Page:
There are times when writing a full novel or book can be difficult, yet the story is there and the characters "speak" to you. That's when you might want to consider writing a play or a readers' theatre script.
It's not as difficult as you might think, and here are some suggestions as to how to develop a script.
First of all, you need to have a story in mind, or one that you've read (Aesop's Fables are great to work with).
Next think about the characters - who are they? How many are there? When they speak to each other, what do they say? Here's where you develop dialogue! The dialogue should be in concise short sentences, and sound real!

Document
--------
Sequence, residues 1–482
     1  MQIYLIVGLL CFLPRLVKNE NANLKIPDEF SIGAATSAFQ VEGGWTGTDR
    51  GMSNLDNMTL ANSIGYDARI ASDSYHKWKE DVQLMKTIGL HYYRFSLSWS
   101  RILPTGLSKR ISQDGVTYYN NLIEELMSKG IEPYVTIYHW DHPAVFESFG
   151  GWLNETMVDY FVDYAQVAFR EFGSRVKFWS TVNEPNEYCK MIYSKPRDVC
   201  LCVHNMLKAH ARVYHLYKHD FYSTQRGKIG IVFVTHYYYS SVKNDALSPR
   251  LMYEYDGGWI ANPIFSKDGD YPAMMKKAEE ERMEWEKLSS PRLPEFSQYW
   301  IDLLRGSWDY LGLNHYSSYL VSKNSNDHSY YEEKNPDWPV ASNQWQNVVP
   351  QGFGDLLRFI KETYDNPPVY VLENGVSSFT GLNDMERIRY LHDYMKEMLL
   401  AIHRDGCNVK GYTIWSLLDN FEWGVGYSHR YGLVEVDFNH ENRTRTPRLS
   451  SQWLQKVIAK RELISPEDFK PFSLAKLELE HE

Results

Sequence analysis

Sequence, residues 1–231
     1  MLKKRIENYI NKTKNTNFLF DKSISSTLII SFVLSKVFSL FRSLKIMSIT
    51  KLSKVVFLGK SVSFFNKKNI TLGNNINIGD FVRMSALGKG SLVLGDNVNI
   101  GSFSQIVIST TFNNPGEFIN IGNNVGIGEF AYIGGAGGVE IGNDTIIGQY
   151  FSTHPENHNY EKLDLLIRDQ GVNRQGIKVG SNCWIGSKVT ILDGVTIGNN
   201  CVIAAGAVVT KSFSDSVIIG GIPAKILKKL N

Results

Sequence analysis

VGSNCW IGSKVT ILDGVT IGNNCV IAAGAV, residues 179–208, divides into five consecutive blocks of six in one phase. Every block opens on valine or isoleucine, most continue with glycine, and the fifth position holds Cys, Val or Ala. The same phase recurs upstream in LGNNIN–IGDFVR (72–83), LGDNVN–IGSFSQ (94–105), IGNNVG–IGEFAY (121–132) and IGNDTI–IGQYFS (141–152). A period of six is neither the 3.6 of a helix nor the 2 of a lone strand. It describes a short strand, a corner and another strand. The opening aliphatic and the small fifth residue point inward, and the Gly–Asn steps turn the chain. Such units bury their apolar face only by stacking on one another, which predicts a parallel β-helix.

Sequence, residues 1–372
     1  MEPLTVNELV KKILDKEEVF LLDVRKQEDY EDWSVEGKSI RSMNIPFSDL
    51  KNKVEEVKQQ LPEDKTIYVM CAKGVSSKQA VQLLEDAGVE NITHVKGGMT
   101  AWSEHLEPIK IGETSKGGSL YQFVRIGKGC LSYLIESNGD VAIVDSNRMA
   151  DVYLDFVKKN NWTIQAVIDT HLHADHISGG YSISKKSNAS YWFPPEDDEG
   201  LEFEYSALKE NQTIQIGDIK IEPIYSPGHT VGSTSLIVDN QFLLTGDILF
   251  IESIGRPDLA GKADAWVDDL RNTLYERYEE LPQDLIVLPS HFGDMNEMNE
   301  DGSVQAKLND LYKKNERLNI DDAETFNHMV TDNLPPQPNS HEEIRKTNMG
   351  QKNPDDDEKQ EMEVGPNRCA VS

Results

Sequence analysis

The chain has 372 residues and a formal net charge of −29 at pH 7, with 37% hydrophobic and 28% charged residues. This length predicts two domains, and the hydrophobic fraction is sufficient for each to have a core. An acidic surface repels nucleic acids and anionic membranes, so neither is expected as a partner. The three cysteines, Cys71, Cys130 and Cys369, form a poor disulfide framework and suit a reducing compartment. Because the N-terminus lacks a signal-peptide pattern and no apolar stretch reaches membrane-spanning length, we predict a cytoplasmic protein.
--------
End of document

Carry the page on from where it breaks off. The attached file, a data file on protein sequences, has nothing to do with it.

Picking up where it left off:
Picture the characters talking to each other, and listen to what they are saying. Write their conversation down!
You don't want to have only dialogue - that's hard to do when you want to change scene locations, or describe something. So, you create one or two narrators to bridge the gaps. They can easily describe what's going on, relate emotions and feelings of the characters, set the scene, and do numerous other things that help move the story along.
Once everything is finished, ask a few friends to read the parts to hear how they sound. Here's where you can do your own editing - adding to the story or subtracting things that don't quite fit.
A few more read-through sessions and you're ready to put on a show! You'll be pleased, I'm sure, with the results.
Readers Theatre is an excellent tool for teachers who are trying to teach their students how to read with expression, while at the same time, giving them a fun activity of acting. Educational markets look for this type of material.
Back to Articles